An IBM project to expand the market for its Power processor is making headway, with new hardware announced Wednesday that aims to challenge Intel's dominance in the data center.
IBM still has a lot of work to do, but the project it launched two years ago to open up the Power architecture for use by other hardware makers is gaining momentum. The idea is to lower the cost of Power-based systems so they can be sold into hyperscale data centers and high-performance computing environments, areas dominated today by x86 processors.
Tyan, a server manufacturer in Taiwan, will deliver the first commercially available OpenPower server in the second quarter, a two-socket system aimed at hyperscale customers such as Internet service and cloud providers, IBM said.
The first OpenPower system from IBM is also on its way, a product known as Firestone that will target HPC users and is due out later this year. It will be manufactured by Taiwan's Wistron and sold by IBM, and incorporates GPU technology from Nvidia and interconnects from Mellanox.
They are just two of the announcements being made at the OpenPower Summit in Silicon Valley. IBM says the OpenPower Foundation now has 113 members, up from 30 nine months ago.
IBM launched the effort with Tyan, Nvidia, Mellanox, and Google. Sales of IBM's traditional, Power-based Unix systems are declining, and through the OpenPower Foundation it hopes vendors will produce a variety of systems that will breath new life into the architecture.
It's doing it in a couple of ways. First, it provided hardware reference designs for Power servers, along with open source firmware, virtualization and other software, to let third parties like Tyan build their own systems using Power 8 processors.
That's already a big change for IBM, which historically kept its Power technologies close to its chest. But IBM's business model isn't set up to sell low cost systems, and it's encouraging hardware partners to produce servers in the sub-$6,000 range to reach new customers.
IBM is also licensing the Power architecture itself, in a model similar to that used by ARM, so other companies can build derivatives of the Power chip. That's a longer-term effort, but IBM is also announcing that China's Shuzo Power Corp. expects to release the first non-IBM Power server chip in the second quarter. Dubbed CP1, it will go into a server being developed for the local Chinese market.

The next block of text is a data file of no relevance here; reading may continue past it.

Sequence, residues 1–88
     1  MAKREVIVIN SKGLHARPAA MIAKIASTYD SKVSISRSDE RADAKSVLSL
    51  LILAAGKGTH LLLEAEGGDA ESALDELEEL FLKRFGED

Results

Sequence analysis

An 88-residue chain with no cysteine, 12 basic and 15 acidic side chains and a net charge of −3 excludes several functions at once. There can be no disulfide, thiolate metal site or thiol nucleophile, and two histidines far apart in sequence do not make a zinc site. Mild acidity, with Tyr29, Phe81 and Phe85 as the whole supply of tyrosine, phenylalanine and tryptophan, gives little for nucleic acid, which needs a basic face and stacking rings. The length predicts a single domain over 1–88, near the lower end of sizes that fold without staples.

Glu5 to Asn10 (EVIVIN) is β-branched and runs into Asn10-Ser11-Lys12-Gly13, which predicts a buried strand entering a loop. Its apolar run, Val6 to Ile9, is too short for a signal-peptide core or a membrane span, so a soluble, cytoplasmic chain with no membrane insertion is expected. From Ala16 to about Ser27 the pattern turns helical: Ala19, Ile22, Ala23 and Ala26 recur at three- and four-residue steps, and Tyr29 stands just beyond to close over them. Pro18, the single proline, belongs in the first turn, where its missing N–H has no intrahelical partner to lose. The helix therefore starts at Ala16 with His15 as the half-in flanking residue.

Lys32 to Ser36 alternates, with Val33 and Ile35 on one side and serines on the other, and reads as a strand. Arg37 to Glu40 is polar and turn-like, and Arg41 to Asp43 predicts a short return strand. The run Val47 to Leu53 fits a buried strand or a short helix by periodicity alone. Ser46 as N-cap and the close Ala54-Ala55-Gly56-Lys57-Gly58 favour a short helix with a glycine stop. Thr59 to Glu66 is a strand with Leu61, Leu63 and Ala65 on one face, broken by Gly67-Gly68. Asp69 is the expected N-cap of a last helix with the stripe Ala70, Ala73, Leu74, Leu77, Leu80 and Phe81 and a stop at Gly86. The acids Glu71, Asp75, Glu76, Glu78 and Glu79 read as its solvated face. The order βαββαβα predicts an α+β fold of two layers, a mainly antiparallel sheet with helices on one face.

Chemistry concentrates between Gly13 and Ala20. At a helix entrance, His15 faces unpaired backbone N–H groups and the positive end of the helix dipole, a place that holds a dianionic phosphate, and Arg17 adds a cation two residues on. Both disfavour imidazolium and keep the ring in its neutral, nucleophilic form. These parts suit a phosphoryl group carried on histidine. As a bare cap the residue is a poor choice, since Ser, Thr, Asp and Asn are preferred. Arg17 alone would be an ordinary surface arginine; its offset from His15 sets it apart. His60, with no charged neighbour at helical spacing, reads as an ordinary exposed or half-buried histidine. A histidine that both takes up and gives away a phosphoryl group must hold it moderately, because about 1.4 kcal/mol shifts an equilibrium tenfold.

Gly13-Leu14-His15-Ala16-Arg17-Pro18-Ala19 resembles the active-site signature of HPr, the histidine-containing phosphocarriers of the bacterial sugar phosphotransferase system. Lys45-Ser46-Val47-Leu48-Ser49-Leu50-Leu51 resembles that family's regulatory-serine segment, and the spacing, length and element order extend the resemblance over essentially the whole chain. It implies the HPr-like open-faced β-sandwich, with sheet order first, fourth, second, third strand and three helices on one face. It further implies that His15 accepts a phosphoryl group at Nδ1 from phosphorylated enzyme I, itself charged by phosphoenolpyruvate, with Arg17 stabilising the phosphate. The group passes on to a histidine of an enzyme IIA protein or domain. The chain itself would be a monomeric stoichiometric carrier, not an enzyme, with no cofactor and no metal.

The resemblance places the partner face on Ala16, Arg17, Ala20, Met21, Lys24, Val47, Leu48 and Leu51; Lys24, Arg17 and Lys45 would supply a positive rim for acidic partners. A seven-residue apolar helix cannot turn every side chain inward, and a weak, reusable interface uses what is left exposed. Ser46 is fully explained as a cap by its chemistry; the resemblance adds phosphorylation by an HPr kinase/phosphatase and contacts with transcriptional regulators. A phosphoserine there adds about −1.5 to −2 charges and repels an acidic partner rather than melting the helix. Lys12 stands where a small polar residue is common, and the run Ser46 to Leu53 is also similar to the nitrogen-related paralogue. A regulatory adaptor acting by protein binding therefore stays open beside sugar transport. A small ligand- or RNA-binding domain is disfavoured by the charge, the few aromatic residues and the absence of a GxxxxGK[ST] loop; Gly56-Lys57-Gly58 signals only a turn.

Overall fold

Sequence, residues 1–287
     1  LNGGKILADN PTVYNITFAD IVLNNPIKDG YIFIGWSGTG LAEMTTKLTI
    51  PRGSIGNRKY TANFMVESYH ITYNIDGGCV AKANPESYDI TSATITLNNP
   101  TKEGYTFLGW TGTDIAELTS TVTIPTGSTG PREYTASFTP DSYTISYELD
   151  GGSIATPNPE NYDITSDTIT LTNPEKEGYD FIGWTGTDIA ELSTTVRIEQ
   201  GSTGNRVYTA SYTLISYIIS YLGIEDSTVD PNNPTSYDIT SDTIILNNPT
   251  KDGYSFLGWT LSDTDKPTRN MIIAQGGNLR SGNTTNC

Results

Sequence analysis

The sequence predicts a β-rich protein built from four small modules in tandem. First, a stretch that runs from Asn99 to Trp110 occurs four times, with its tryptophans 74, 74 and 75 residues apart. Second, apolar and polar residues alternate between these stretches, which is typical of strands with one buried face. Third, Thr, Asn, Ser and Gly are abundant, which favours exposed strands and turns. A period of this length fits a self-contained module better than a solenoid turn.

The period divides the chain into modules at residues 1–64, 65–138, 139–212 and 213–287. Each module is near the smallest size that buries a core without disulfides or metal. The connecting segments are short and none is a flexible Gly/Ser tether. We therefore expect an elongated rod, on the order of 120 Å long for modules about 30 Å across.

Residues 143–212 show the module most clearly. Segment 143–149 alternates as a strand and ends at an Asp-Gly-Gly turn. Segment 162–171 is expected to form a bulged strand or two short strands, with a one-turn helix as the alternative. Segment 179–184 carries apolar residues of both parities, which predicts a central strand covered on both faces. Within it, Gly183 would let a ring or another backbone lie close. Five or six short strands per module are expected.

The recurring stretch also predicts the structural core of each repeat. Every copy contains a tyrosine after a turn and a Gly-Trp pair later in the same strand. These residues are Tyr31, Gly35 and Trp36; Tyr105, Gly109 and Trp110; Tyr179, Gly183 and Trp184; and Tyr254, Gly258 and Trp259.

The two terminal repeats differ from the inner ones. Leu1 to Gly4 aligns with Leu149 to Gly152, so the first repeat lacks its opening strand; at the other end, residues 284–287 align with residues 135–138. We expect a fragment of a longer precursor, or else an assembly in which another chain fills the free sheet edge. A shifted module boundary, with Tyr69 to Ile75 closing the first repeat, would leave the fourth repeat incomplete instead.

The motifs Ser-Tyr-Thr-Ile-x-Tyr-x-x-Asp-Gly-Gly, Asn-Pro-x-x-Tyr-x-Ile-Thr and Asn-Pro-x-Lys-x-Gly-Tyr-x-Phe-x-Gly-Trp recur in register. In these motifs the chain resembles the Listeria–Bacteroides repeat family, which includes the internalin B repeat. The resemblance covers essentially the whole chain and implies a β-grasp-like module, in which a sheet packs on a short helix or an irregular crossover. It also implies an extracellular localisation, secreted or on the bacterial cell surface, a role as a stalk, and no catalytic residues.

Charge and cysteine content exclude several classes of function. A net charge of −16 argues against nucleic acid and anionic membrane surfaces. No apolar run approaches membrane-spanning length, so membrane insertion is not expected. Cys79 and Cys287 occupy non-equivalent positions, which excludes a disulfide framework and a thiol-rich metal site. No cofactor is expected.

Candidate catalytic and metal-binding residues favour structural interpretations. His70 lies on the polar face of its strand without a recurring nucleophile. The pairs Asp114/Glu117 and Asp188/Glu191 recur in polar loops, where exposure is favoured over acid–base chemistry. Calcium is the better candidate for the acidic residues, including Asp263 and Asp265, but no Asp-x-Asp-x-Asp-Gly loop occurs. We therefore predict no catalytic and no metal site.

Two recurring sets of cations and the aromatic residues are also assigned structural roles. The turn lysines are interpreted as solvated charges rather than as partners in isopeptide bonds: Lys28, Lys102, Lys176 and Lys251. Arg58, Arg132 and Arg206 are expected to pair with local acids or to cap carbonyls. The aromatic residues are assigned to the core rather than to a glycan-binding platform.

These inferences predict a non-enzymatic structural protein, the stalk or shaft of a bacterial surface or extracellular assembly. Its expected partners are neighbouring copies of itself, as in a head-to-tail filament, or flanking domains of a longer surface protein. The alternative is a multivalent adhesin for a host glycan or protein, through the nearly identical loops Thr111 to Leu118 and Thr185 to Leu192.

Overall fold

IBM has big hopes for China, where policies favoring local suppliers are making it harder for outside firms to compete. It hopes the homegrown systems will appeal to big cloud providers like Baidu, Alibaba and Tencent.
"It opens up China for us, because we're now talking about a local producer instead of a multinational," said Ken King, IBM manager for OpenPower alliances.
Despite the momentum, some see challenges ahead. Creating new hardware is one piece of the puzzle, but IBM has to convince customers that cost and performance gains from Power will be sufficient to justify introducing a new chip architecture to environments that have standardized on x86.
"So far, this is all very embryonic," said Nathan Brookwood, principal analyst at Insight64.
IBM says customers will be able to port Linux applications to Power relatively easily, especially now that Power 8 supports the "Little Endian" compute model used by x86 chips. But those applications will still need to be patched and maintained separately from their x86 counterparts, which adds a layer of complexity that hyperscale customers like to avoid, Brookwood noted.
He thinks customers are expressing interest in Power to gain pricing leverage against Intel.
"If you look at what a Tyan or a Rackspace has to do to put together a Power system, it's not a huge expense, and there are a whole lot of people who buy Intel servers who right now feel Intel has them over a barrel," Brookwood said. "They would love to leave an OpenPower brochure on the desk when the Intel sales guy comes around, to let them know they're not the only game in town."
IBM, obviously, doesn't see it that way. It says Power can offer significant cost-performance advantages, especially for big, data-intensive applications, thanks to its high thread count, on-chip bandwidth and the large amount of memory it can address.
It has a partial vote of confidence from Google, which said last year it had built its own Power-based server board. It's still not known whether Google plans to use Power servers in production, though one of its engineers is chair of the OpenPower Foundation.
Rackspace is also a fan. It's designing a Power 8 server that it will use to offer a new, bare metal compute service running the OpenStack cloud software. Aaron Sullivan, Rackspace senior director and distinguished engineer, showed an early version of its server board, dubbed Barreleye, at the Open Compute Project Summit last week. "This will be much more efficient for our apps than anything we have today," he said in a talk at the event.
The other new hardware announced Wednesday includes a developer platform from Nvidia, Tyan and Cirrascale, for building GPU-accelerated systems that run big data analytics, deep learning and scientific computing applications. Called the Cirrascale RM4950, IBM says it will ship in volume in the second quarter.
Xilinx and Altera are also on board. They say they're working with IBM and its partners to allow programmable chips, known as FPGAs, to be used with Power chips to accelerate particular types of workloads.